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Jolla Sailfish OS smartphone

Gordon Kelly

By Gordon Kelly



Jolla Sailfish OS

While the hardware dares to be different, the real interest in Jolla is the Sailfish operating system. Other than its Nokia/Intel foundations, what immediately appeals is Sailfish OS will be distributed to handset makers free of charge. Revenue will come from the licence of optional proprietary features and intellectual property. A ‘free but…’ model, if you like.

So what will tempt handset makers and telcos to invest? The most promising aspect to Sailfish is its core user interface. It is heavily gesture-based and borrows elements from BlackBerry 10, Windows Phone and Android, but combines them to create something unique.

Sailfish OS 6

Arguably Jolla has been motivated to do this because Nokia has kept the rights to its lauded Harmattan UI on the N9, but we like what we saw. Rather than icons, the homescreen features BlackBerry 10-esque tiles of the most recently open programs. Much like an Android widget these can be interacted with directly, swiping the phone tile left or right to reveal the dialler or contacts, the music player to switch content or get playback controls and so forth. Each tile also features live information like Windows Phone and can even continue playback of video.

Intriguingly Sailfish also requires no physical or virtual home, back, menu or search buttons. Instead these are again gesture based. Swipe up to the screen from the left or right bezel to go backwards or forwards between apps; up from the bottom of the bezel from apps to go back to the home screen and from the top bezel down to get critical information like battery life, signal strength, search and key settings.

All of these features work like BlackBerry 10 providing the option to ‘peak’ at information by not fully completing any swipe gesture. The current screen becomes transparent mid transition to show the screen before. Swiping up from the homescreen also pulls up an app drawer (akin to Android).

Sailfish OS notifications 2

Some of this will take time to learn, especially the swipe options of tiles for each currently open app but we can see how it could become an extremely fast and efficient way of navigating a UI. There were some glitches in what we saw, but it was already predominantly smooth and slick and an almost playful way to perform what are fairly arduous tasks on other platforms.

This system also means no space is wasted on docks at the bottom or the status bar at the top so the full screen is used at all times.

Sailfish OS app drawer

Elsewhere Jolla has a unified messaging system so Facebook, SMS and IM messages can be grouped into a single feed. Photos and contacts also unify with your social networks allowing you to comment on and like content without the need for a dedicated app and the lock screen contains information on missed calls, SMS and app notifications. This is much like Windows phone and navigation within apps also works in a similar manner, swiping left to right between sections and categories, rather than requiring access to a menu.

As for apps support, Jolla is appealing to developers to make Sailfish specific applications that take advantage of its navigation system, but it will be compatible with apps for Android. Jolla claims Android apps can be easily implemented because its lack of physical or digital buttons means the stock Android buttons can be recreated easily for each app. That said Jolla wasn’t demonstrating Android apps at this stage and it won’t get access to the Google Play store so third parties, including Amazon, will be necessary.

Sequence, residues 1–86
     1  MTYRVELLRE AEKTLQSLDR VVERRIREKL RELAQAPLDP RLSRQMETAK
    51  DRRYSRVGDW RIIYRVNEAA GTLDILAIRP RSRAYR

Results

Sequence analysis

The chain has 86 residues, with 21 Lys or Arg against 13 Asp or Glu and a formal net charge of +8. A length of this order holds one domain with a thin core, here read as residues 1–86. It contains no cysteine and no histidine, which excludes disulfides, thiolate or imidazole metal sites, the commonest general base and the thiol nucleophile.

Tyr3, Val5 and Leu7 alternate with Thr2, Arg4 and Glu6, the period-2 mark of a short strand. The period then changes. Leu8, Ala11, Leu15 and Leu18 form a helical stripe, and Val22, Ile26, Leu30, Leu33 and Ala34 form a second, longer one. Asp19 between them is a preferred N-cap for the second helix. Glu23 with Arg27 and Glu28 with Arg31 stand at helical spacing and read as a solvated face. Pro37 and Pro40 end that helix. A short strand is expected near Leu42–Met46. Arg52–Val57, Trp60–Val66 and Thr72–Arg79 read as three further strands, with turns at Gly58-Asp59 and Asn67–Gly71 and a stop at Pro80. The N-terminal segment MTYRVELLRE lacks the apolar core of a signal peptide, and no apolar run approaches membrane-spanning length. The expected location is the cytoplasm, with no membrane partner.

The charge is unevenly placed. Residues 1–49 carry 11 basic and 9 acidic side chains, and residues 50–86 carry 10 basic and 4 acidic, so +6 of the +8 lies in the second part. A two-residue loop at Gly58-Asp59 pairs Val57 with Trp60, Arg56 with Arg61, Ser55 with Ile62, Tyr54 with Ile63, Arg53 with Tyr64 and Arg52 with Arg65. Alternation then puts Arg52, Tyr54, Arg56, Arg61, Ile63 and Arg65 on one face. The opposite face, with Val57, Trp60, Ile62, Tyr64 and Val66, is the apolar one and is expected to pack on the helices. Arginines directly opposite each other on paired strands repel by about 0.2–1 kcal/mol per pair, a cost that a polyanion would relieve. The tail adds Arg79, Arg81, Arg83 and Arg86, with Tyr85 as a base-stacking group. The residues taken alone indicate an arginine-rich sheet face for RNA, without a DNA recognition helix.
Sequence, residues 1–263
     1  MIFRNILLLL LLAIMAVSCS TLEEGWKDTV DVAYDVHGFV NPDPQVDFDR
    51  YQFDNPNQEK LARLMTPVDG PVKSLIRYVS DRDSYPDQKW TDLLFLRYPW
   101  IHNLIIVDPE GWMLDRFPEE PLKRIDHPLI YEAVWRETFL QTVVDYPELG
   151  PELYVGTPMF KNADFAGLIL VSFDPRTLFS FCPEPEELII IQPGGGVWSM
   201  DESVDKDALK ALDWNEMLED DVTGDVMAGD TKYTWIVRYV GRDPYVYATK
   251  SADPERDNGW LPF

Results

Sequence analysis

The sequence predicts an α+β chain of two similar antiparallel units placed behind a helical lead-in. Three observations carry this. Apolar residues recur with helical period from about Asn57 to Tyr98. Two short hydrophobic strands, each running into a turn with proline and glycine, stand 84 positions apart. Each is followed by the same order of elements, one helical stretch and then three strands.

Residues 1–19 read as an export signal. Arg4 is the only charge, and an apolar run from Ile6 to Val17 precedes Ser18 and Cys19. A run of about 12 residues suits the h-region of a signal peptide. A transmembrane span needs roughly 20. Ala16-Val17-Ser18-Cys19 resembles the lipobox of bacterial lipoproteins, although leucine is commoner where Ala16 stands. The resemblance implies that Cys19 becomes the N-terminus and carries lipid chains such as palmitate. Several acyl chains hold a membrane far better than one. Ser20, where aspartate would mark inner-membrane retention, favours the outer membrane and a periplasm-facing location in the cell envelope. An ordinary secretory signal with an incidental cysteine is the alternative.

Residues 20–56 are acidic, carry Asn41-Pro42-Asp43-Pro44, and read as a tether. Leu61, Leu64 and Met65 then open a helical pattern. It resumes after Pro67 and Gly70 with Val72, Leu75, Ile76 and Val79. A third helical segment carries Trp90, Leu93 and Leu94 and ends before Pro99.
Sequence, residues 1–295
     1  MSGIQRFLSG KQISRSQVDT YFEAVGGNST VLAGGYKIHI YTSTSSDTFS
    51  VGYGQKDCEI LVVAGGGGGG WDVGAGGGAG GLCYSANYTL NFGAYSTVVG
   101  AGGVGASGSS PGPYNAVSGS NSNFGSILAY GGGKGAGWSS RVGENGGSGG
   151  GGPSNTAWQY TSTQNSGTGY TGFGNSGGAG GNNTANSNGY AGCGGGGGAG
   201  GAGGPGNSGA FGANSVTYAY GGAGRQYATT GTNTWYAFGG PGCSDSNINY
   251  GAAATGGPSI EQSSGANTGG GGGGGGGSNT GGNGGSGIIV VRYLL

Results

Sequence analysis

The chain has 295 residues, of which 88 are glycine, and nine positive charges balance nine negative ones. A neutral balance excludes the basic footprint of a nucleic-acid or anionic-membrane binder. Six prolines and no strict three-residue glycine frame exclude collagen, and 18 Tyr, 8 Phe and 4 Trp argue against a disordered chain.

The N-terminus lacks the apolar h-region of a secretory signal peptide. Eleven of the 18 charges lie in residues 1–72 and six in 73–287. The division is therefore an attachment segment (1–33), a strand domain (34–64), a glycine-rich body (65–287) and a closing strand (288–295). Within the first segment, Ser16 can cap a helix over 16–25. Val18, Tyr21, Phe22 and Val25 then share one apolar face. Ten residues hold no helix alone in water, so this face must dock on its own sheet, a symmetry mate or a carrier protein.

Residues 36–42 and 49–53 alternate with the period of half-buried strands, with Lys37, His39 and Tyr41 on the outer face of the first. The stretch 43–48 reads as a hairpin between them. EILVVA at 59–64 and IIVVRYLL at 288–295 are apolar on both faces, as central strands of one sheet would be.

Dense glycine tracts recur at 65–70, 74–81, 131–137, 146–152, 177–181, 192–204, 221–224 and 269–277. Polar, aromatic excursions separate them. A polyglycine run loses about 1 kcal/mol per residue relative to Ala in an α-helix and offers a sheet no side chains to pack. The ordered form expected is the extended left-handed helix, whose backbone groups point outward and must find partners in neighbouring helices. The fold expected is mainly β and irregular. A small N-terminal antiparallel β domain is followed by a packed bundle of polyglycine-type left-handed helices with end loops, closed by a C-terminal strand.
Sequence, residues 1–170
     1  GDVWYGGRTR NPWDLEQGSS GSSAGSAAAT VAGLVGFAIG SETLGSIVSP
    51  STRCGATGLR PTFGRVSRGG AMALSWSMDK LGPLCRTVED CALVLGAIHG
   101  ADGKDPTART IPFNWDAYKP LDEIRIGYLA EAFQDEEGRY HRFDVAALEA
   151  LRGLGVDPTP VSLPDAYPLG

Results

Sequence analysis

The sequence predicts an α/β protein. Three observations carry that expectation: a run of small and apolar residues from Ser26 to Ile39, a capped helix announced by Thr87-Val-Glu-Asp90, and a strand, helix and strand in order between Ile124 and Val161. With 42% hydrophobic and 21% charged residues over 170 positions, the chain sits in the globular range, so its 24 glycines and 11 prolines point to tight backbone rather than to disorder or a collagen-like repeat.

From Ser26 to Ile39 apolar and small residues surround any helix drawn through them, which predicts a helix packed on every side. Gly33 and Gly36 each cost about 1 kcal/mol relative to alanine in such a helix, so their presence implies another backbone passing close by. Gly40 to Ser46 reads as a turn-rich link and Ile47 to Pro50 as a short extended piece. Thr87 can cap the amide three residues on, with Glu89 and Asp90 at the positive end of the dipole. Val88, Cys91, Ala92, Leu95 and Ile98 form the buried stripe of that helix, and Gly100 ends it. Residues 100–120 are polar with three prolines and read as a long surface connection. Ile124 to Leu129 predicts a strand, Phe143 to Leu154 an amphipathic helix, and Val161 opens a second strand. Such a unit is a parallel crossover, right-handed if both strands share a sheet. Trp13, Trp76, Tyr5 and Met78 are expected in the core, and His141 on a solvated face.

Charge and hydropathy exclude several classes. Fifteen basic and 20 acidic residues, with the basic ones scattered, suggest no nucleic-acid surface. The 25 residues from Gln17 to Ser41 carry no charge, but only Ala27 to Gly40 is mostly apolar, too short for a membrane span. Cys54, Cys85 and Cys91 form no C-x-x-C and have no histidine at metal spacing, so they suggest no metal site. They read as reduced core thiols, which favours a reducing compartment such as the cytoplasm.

Sailfish OS notifications

Jolla Sailfish OS Prospects

From this initial hands-on we came away with the impression that Sailfish OS has a great deal of potential. It has a huge leg up from the core work already done by Intel and Nokia and its UI is genuinely innovative while taking a mixture of the best aspects from other platforms. On the hardware side whether the ‘Other half’ functionality of covers can be a genuine differentiator is less clear cut, but we can see it being popular in younger age groups.

That said where the real battle lies for Sailfish is not in convincing people it is a viable platform, but that it is preferable to the existing heavyweights. Our feeling is Jolla will have to reduce its handset price to achieve that, provide tight Android app integration from the outset and pick its markets carefully.

Sailfish OS 7

The company has already said it will release in a limited number of European countries for a Christmas targeted launch and telco agreements for them will be crucial. Jolla is also targeting China, a smart move given its sizable population and lesser commitment to iOS or Android.

Aside from this the other battle is with three more newcomers: the Samsung/Intel funded Tizen, Firefox OS and Ubuntu. The first two will also have phones out in 2013 with the latter expecting to debut in early 2014.

In the months before launch Jolla is putting a strong focus on community building and says a number of campaigns will appear between now and Christmas while pre-orders are already open. Expectations are realistic too with the company saying it doesn’t expect to be anything but a niche player for a number of years. From what we have seen it at least deserves to attain that.

Carrier pricing updates & information supplied by WhistleOut


May 24, 2013, 11:05 am

Which came first, nokia N9 or BB10? I think you will find that BB10 has a lot of Nokia N9esque features. Credit where it's due...

Gordon Kelly

May 24, 2013, 12:33 pm

That's true and I don't think I have discredited Nokia. In fact I go out of my way to point out the merits of the N9 because it deserves them.

That said there *are* a lot of BB10 features in Sailfish.


May 24, 2013, 1:37 pm